Chapter 8

Stitching into paper continued

This sample was the distressed crochet insertion lace and paper pulp. Rows of hand stitched marks were added in different colour threads to represent text. I like the texture of this sample

4.8.8  size  10cm x 18cm

DSCN0816

4.8.9

DSCN0817

 

Really wasn’t sure what I was thinking of with the stitching on this sample. It is strong as the starch soaked into the string.

 

4.8.10 size 19cm x 12cm

 

DSCN0820

 

The woven folded paper grid with paper pulp was not a favourite either, but after stitching I really like it.

4.8.11 size  22cm x 22cm

 

DSCN0821

Rows of black free motion machine stitching were added to represent text. Hints of letters and words from the paper grid make it interesting.

4.8.12 closer look

DSCN0821 - Copy

 

The final sample was a crochet grid with paper pulp where I tried to interpret one of the small sample cards from chapter 1. Black thread, machine stitched.

 

4.8.13   sample card

 

_DSC2149 (2)

4.8.14   size paper grid sample 9cm x 9cm

DSCN0827 - Copy

4.8.15  Closer look

DSCN0827

Chapter 8

Stitching into paper

I decided to fuse a piece of vilene to the back of this crochet grid and paper pulp sample. Later I could then paint the back, blending the stitches and the vilene to make an interesting textured back without looking obviously like the reverse of the work. It would also act as support for the work. You can just see the vilene through the holes in the paper. I added some hand stitching to highlight the grid.

4.8.1 size  11cm x 11cm

DSCN0731

 

This was the distorted waste canvas grid and paper stitched into in a similar way with a vilene backing.

4.8.2 10cm x 10cm

 

DSCN0730

 

I tried stitching into a paper grid without the backing. This was black yarn inspired by a printed digital circuit and a stamp.

4.8.3 size 10cm x 10cm

DSCN0727

 

The bad knitting was stitched into with cotton yarn, and snippets of paper text were added. The influence for this was from chapter 1 and the airmail envelope in my collection of media related items. It is not easy to see the original bad knitting any more.

4.8.4

_DSC2155 (2)

4.8.5  size 8cm x 8cm

DSCN0725

 

This example of withdrawn thread work with the paper frame had bits of paper text, tea bag and tea dyed fabric woven into it and then zigzag machine stitched. This echoes the woven text sample from chapter 1.

4.8.6

DSCN0621

4.8.7  size 12cm x 12cm

DSCN0732

 

The stitched paper is easier to stitch into by hand. I wouldn’t add the starch to the pulp, but paint a coat of thick starch like custard onto the paper after it has dried. This doesn’t alter the look of the paper in any way but helps strengthen and bind the fibres of the paper and the fabric grids together for stitching.  Might try adding layers of starch  to see the visual effect, and adding colours and texture to the starch for interesting finishes to the paper.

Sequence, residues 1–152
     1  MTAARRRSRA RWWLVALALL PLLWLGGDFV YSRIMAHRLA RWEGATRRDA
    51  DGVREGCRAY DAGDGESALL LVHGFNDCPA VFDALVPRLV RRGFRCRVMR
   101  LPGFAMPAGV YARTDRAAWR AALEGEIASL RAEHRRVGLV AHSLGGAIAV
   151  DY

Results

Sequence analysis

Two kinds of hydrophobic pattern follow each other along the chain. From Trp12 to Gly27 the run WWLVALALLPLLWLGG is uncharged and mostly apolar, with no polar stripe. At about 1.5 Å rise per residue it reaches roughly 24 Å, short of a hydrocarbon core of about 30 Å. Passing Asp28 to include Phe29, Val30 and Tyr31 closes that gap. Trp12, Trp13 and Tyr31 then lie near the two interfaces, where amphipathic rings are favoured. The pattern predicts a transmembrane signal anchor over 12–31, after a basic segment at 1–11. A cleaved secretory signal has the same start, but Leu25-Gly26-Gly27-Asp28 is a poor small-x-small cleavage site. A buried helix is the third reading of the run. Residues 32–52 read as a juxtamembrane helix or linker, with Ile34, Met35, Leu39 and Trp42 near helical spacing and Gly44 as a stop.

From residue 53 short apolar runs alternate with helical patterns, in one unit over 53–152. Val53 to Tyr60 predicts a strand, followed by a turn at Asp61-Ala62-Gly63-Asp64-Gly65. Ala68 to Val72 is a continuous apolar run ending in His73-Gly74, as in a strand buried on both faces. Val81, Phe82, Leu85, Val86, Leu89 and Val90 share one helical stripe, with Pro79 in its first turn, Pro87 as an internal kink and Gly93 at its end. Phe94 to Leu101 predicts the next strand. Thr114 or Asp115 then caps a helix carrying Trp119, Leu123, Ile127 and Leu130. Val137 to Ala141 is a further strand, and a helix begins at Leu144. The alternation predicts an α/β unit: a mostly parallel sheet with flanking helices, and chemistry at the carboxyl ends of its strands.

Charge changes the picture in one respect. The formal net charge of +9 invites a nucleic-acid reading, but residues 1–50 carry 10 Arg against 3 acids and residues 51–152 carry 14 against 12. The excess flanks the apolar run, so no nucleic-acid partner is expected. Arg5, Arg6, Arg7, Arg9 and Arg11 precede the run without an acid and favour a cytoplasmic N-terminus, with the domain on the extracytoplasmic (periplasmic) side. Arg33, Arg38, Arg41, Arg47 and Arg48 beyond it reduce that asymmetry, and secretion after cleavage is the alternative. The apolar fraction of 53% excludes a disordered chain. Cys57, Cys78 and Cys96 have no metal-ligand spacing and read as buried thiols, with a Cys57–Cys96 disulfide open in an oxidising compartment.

Chapter 7

Applying paper pulp to a woven fabric grid

I took some of the grids produced in chapter 3 and made up a batch of paper pulp.  Carefully putting the piece of distressed crochet lace on to the paper making screen I scooped up some pulp  and patted in down on to it. I wanted the lace grid to be more visable so I removed some of the pulp when I was happy with the way it looked I turned it out to dry.

4. 7. 1  Size  10cm x 18cm

 

DSCN0715

 

The next grid sample was the stitched paper I used this without the screen as it did not need the support, again scooping pulp up and patting it onto the paper grid.

4.7.2   Size  22cm x 22cm

 

DSCN0798

 

The next sample was made in the same way using a net bag grid. The pulp was dropped on randomly so it was not very stable when it was dry.  If I did this again the pulp patches  should connect to each other more, or form a frame, can’t imagine stitching into this.

4.7.3  Size 12cm x 20cm

 

DSCN0718

 

The fillet crochet grids were a little more stable and these would be good to stitch into. Although a painted coat of starch would help and stop the little tufts of paper on the top of the needle as it is pulled up through the paper grid. Or the fine paper dust that accumulates when stitching it on the machine.

4.7.4  size 11cm x 11cm

 

copy 1

 

4.7.5  size  9cm x 9cm

 

copy3

 

For method 2 I used the screen making a frame of pulp before placing the waste canvas grid onto it and adding more pulp to enclose the edges. I like this sample although the photo is not great.

4.7.6   Size 10cmx 10cm

 

DSCN0714

 

The next sample was made in the same way with the centre left open to weave into.

4.7.7   Size 12cm x 12cm

 

copy 2

 

Pulp was added to the bad knitting sample.

4.7.8   Size 8cm x 8cm

 

DSCN0716

 

This craft vilene sample, was dipped into the pulp and then bits were revealed after. All these are basic samples, if I used this sample idea again I think I would paint the vilene and wrap some bits of the cut out areas with thread before dipping in in the pulp. But I could still work on this sample as it is.

4.7.9  Size 10cm x 10cm

 

DSCN0717

I made a grid by wrapping string around an old frame before dipping it into the pulp. This was then cut off the frame when dry and the edges frayed. I like this and can see it stitched and woven into.

4.7.10  Size inner frame 25cm x 15cm

 

DSCN0794

4.7.11  Size 19cm x 12cm

 

DSCN0796

 

A closer look at the back.

4.7.12

DSCN0797

This has been an interesting exercise and given me ideas of what I want to stitch into in the next chapter. Lots of thoughts on how and if to add colour. Do I keep to the media theme of buff envelopes and files, and just  keep it textural rather than colourful. But I do love the handmade red paper. Thoughts thoughts thoughts.

4.7.13

DSCN0719

 

My Artist Study

Claudia Lee

Claudia Lee is an artist working with handmade paper. Her studio liberty paper is in Tennessee  USA is a working and teaching facility. She has published many books on her subject including “The complete book of handmade paper”. She is known for her enthusiastic ability to share her vast knowledge and runs workshops for all levels including children.